• Crossref
    • Search Google Scholar
    • Export Citation
  • Hamid, K., 2012: Investigation of the passage of a derecho in Belgium. Atmos. Res., 107, 86105, https://doi.org/10.1016/j.atmosres.2011.12.013.

    • Crossref
    • Search Google Scholar
    • Export Citation
  • Holzer, A. M., P. Groenemeijer, K. Riemann-Campe, and B. Antonescu, 2017: Experience after 1 year of EWOB. Proc., Ninth European Conf. on Severe Storms (ECSS 2017), Pula, Croatia, https://presentations.copernicus.org/ECSS2017/ECSS2017-188_presentation.pdf.

  • Johnson, A. W., and K. E. Sugden, 2014: Evaluation of sounding-derived thermodynamic and wind-related parameters associated with large hail events. Electron. J. Severe Storms Meteor., 9 (5), https://www.ejssm.org/ojs/index.php/ejssm/article/viewArticle/137.

  • Kahraman, A., and P. M. Markowski, 2014: Tornado climatology of Turkey. Mon. Wea. Rev., 142, 23452352, https://doi.org/10.1175/MWR-D-13-00364.1.

    • Crossref
    • Search Google Scholar
    • Export Citation
  • Kahraman, A., Ş. Tilev-Tanriover, M. Kadioglu, D. M. Schultz, and P. M. Markowski, 2016: Severe hail climatology of Turkey. Mon. Wea. Rev., 144, 337346, https://doi.org/10.1175/MWR-D-15-0337.1.

    • Crossref
    • Search Google Scholar
    • Export Citation
  • Kelly, D. L., J. T. Schaefer, and C. A. Doswell III, 1985: Climatology of nontornadic severe thunderstorm events in the United States. Mon. Wea. Rev., 113, 19972014, https://doi.org/10.1175/1520-0493(1985)113<1997:CONSTE>2.0.CO;2.

    • Crossref
    • Search Google Scholar
    • Export Citation
  • Kingfield, D. M., K. M. Calhoun, and K. M. de Beurs, 2017: Antenna structures and cloud-to-ground lightning location: 1995–2015. Geophys. Res. Lett., 44, 52035212, https://doi.org/10.1002/2017GL073449.

    • Crossref
    • Search Google Scholar
    • Export Citation
  • Knupp, K. R., and Coauthors, 2014: Meteorological overview of the devastating 27 April 2011 tornado outbreak. Bull. Amer. Meteor. Soc., 95, 10411062, https://doi.org/10.1175/BAMS-D-11-00229.1.

    • Crossref
    • Search Google Scholar
    • Export Citation
  • Koehler, T. L., 2020: Cloud-to-ground lightning flash density and thunderstorm day distributions over the contiguous United States derived from NLDN measurements: 1993–2018. Mon. Wea. Rev., 148, 313332, https://doi.org/10.1175/MWR-D-19-0211.1.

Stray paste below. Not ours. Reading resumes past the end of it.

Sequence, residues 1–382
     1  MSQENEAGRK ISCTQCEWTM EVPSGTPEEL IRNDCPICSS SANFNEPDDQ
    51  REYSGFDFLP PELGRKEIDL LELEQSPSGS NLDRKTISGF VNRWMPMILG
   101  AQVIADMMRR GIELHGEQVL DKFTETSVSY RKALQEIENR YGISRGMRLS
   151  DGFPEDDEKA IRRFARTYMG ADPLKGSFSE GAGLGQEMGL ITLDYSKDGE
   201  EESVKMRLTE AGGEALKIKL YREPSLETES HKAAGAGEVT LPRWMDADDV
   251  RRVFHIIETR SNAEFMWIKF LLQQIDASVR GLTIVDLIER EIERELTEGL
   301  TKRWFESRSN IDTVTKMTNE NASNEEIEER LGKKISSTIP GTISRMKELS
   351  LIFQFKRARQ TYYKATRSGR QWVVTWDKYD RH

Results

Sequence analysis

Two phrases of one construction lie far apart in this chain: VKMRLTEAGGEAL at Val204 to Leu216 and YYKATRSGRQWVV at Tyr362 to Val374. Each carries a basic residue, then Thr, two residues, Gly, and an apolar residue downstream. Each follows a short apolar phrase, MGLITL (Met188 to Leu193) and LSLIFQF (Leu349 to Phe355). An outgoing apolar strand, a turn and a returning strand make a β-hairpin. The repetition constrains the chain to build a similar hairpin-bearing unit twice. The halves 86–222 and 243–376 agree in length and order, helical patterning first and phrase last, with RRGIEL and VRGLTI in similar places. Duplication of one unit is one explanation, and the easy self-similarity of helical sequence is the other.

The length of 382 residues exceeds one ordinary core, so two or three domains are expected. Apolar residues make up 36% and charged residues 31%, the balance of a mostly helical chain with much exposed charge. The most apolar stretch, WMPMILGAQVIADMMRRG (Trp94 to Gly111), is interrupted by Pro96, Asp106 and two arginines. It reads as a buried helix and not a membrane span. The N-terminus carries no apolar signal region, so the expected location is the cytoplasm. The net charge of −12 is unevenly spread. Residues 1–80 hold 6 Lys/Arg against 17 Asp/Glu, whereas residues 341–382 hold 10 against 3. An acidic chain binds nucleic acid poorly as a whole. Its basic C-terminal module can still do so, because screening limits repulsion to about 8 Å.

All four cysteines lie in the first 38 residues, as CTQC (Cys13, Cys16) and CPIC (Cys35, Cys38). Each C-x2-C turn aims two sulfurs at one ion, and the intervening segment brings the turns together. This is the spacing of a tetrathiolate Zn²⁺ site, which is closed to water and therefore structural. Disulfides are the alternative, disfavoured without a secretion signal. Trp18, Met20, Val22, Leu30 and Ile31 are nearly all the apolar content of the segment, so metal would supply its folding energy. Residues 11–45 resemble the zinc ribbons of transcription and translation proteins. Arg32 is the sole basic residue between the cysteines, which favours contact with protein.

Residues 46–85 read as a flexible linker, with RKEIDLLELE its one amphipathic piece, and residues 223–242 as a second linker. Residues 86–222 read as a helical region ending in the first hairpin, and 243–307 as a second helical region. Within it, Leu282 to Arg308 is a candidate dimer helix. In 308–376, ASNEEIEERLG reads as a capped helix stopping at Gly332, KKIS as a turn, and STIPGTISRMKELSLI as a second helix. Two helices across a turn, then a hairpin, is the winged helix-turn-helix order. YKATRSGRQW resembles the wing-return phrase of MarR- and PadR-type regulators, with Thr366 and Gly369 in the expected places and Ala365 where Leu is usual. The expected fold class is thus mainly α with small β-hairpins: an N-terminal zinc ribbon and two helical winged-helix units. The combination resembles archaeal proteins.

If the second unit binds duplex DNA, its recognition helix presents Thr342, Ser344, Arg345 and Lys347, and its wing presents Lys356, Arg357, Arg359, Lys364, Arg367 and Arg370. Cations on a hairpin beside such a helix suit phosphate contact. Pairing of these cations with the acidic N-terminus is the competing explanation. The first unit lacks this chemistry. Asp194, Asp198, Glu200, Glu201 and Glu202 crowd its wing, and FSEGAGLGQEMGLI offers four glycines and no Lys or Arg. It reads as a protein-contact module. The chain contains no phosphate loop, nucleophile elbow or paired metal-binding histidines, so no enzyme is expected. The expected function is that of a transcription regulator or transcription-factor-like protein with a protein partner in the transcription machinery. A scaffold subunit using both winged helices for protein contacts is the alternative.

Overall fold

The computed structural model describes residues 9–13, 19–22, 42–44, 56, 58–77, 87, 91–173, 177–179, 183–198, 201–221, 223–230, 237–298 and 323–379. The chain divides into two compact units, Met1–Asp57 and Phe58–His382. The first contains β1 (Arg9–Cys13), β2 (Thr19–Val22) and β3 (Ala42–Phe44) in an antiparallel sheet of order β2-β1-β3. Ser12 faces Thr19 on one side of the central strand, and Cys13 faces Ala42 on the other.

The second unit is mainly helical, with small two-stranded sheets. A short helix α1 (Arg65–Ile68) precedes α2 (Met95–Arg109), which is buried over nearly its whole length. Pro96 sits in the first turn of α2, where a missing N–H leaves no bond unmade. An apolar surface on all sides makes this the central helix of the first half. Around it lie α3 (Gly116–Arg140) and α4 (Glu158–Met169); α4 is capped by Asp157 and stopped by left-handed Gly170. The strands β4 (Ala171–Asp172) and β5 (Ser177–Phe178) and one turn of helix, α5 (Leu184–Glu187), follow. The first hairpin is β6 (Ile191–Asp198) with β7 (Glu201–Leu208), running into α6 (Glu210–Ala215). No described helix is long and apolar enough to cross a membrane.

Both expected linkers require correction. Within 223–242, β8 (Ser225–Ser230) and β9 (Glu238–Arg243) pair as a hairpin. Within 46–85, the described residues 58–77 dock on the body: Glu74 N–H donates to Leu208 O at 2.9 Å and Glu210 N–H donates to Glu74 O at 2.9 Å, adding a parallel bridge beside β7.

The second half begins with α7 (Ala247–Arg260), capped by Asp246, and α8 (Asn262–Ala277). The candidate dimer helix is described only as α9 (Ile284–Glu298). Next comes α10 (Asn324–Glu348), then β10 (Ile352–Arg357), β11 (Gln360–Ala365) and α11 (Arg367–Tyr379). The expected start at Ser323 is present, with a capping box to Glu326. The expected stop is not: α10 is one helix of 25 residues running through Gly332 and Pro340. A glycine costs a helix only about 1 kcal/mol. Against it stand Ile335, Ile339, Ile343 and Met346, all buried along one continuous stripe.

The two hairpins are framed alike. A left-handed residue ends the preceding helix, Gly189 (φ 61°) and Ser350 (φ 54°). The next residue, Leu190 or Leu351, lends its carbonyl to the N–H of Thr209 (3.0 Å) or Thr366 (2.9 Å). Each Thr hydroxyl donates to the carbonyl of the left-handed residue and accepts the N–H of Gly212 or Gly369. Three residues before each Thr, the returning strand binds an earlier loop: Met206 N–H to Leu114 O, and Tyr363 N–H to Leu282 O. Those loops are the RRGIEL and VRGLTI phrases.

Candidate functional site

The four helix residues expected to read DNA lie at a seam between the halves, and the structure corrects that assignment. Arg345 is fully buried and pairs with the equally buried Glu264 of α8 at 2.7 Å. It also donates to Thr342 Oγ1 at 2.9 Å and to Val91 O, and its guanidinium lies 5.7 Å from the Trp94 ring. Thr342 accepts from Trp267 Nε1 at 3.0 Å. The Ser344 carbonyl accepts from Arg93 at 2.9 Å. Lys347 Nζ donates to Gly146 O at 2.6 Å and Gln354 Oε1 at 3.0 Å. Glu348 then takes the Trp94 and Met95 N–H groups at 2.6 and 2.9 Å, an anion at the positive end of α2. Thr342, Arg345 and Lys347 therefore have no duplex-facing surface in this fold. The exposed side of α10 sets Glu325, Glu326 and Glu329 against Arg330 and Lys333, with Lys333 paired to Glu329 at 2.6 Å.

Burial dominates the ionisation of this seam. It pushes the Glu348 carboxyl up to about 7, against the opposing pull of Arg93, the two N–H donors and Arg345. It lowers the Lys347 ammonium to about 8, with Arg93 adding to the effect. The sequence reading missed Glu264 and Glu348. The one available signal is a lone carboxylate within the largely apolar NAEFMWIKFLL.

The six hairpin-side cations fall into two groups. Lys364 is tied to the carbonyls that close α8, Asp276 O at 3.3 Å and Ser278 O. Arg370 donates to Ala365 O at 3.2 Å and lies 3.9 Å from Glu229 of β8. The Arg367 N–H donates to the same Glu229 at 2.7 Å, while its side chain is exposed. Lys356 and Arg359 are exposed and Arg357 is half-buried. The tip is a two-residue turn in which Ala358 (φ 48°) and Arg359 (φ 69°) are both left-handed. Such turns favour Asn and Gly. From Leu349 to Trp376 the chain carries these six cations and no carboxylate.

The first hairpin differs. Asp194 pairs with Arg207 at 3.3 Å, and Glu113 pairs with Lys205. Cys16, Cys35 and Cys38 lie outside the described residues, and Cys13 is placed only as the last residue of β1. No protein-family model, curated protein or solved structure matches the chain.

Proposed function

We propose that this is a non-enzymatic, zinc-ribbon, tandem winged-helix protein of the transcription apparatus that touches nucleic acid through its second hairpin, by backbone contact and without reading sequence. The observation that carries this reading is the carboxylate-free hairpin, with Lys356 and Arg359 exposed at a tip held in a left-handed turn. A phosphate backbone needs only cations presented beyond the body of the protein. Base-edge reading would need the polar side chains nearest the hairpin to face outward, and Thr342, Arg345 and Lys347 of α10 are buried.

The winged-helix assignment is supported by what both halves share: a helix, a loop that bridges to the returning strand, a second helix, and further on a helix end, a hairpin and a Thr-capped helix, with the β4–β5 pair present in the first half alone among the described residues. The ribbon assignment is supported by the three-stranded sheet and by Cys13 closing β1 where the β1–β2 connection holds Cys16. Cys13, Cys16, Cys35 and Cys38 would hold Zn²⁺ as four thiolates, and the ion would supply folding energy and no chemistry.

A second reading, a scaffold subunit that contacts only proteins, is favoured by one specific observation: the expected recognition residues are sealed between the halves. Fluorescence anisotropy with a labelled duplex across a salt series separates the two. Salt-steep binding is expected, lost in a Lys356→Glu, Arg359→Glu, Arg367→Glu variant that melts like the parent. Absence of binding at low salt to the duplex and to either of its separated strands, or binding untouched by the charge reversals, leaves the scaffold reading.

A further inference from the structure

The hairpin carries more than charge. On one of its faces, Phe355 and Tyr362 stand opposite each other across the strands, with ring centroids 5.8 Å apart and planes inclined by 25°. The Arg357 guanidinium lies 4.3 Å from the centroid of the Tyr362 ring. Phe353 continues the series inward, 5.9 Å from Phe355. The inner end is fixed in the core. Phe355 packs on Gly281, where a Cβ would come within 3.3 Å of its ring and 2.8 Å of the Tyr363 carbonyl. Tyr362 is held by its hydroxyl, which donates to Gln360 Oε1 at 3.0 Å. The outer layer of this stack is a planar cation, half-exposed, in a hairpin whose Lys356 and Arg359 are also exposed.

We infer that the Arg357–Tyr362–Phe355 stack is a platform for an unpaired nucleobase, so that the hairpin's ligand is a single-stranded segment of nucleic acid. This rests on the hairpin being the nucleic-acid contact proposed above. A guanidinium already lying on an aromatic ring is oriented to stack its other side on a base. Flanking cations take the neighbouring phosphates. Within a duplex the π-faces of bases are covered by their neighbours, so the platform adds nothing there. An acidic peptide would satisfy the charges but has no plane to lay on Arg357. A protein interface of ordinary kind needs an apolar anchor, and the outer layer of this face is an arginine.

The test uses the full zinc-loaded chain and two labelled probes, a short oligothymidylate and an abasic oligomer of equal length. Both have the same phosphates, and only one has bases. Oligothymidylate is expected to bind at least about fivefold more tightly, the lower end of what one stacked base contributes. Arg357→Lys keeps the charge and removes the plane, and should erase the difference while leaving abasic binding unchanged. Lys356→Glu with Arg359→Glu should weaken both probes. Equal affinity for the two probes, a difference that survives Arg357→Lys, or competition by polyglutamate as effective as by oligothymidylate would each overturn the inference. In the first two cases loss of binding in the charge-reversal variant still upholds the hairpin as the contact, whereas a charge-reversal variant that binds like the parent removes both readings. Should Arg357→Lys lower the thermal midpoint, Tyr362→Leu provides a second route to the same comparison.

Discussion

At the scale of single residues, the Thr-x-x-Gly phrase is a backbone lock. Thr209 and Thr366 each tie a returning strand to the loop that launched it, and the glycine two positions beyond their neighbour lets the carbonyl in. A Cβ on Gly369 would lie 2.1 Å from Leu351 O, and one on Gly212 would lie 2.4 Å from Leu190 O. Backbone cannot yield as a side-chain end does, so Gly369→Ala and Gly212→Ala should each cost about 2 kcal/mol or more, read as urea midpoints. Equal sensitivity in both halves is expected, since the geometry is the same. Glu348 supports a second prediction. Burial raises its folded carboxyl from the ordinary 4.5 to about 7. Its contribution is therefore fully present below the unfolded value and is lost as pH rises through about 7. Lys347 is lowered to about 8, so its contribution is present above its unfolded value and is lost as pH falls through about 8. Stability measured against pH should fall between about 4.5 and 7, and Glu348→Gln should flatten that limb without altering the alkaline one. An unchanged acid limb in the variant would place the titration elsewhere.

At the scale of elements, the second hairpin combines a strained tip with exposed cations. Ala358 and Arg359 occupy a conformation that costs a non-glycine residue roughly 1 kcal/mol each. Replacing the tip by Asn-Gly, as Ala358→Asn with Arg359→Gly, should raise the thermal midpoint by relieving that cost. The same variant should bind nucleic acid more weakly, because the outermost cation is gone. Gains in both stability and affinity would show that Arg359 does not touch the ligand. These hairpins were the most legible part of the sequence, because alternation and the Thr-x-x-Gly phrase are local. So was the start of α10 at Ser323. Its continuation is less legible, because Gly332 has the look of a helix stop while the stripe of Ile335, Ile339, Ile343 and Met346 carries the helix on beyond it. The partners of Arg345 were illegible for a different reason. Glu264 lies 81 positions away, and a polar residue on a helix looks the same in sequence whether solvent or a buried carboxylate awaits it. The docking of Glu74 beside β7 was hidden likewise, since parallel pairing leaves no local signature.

• Crossref
    • Search Google Scholar
    • Export Citation
  • Kolendowicz, L., 2012: Synoptic patterns associated with thunderstorms in Poland. Meteor. Z., 21, 145156, https://doi.org/10.1127/0941-2948/2012/0272.

    • Crossref
    • Search Google Scholar
    • Export Citation
  • Krennert, T., G. Pistotnik, R. Kaltenberger, and C. Csekits, 2018: Crowdsourcing of weather observations at national meteorological and hydrological services in Europe. Adv. Sci. Res., 15, 7176, https://doi.org/10.5194/asr-15-71-2018.

    • Crossref
    • Search Google Scholar
    • Export Citation
  • Krocak, M. J., and H. E. Brooks, 2018: Climatological estimates of hourly tornado probability for the United States. Wea. Forecasting, 33, 5969, https://doi.org/10.1175/WAF-D-17-0123.1.

    • Crossref
    • Search Google Scholar
    • Export Citation
  • Kunz, M., and M. Puskeiler, 2010: High-resolution assessment of the hail hazard over complex terrain from radar and insurance data. Meteor. Z., 19, 427439, https://doi.org/10.1127/0941-2948/2010/0452.

    • Crossref
    • Search Google Scholar
    • Export Citation
  • Kunz, M., and P. I. S. Kugel, 2015: Detection of hail signatures from single-polarization C-band radar reflectivity. Atmos. Res., 153, 565577, https://doi.org/10.1016/j.atmosres.2014.09.010.

    • Crossref
    • Search Google Scholar
    • Export Citation
  • Kunz, M., U. Blahak, J. Handwerker, M. Schmidberger, H. J. Punge, S. Mohr, E. Fluck, and K. M. Bedka, 2018: The severe hailstorm in southwest Germany on 28 July 2013: Characteristics, impacts and meteorological conditions. Quart. J. Roy. Meteor. Soc., 144, 231250, https://doi.org/10.1002/QJ.3197.